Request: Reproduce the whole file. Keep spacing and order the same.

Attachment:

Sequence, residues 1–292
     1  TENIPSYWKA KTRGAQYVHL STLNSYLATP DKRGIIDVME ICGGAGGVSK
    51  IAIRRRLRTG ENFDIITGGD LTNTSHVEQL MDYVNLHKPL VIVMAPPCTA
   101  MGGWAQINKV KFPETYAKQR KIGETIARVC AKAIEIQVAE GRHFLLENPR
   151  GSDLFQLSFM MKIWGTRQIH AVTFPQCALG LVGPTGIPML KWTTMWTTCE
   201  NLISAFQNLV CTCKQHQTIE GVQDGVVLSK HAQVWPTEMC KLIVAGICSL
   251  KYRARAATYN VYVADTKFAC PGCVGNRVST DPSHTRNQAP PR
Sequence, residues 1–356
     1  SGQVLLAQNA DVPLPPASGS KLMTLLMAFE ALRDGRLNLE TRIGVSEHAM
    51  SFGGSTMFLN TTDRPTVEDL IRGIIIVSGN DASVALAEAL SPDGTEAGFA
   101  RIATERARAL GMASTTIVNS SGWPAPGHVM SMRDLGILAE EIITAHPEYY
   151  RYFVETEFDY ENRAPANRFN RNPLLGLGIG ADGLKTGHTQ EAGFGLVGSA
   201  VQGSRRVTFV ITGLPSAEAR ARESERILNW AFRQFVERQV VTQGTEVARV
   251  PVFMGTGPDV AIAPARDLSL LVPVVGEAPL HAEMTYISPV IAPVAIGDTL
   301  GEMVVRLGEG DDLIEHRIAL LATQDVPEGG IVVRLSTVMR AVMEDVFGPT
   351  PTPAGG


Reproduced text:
Sequence, residues 1–292
     1  TENIPSYWKA KTRGAQYVHL STLNSYLATP DKRGIIDVME ICGGAGGVSK
    51  IAIRRRLRTG ENFDIITGGD LTNTSHVEQL MDYVNLHKPL VIVMAPPCTA
   101  MGGWAQINKV KFPETYAKQR KIGETIARVC AKAIEIQVAE GRHFLLENPR
   151  GSDLFQLSFM MKIWGTRQIH AVTFPQCALG LVGPTGIPML KWTTMWTTCE
   201  NLISAFQNLV CTCKQHQTIE GVQDGVVLSK HAQVWPTEMC KLIVAGICSL
   251  KYRARAATYN VYVADTKFAC PGCVGNRVST DPSHTRNQAP PR
Sequence, residues 1–356
     1  SGQVLLAQNA DVPLPPASGS KLMTLLMAFE ALRDGRLNLE TRIGVSEHAM
    51  SFGGSTMFLN TTDRPTVEDL IRGIIIVSGN DASVALAEAL SPDGTEAGFA
   101  RIATERARAL GMASTTIVNS SGWPAPGHVM SMRDLGILAE EIITAHPEYY
   151  RYFVETEFDY ENRAPANRFN RNPLLGLGIG ADGLKTGHTQ EAGFGLVGSA
   201  VQGSRRVTFV ITGLPSAEAR ARESERILNW AFRQFVERQV VTQGTEVARV
   251  PVFMGTGPDV AIAPARDLSL LVPVVGEAPL HAEMTYISPV IAPVAIGDTL
   301  GEMVVRLGEG DDLIEHRIAL LATQDVPEGG IVVRLSTVMR AVMEDVFGPT
   351  PTPAGG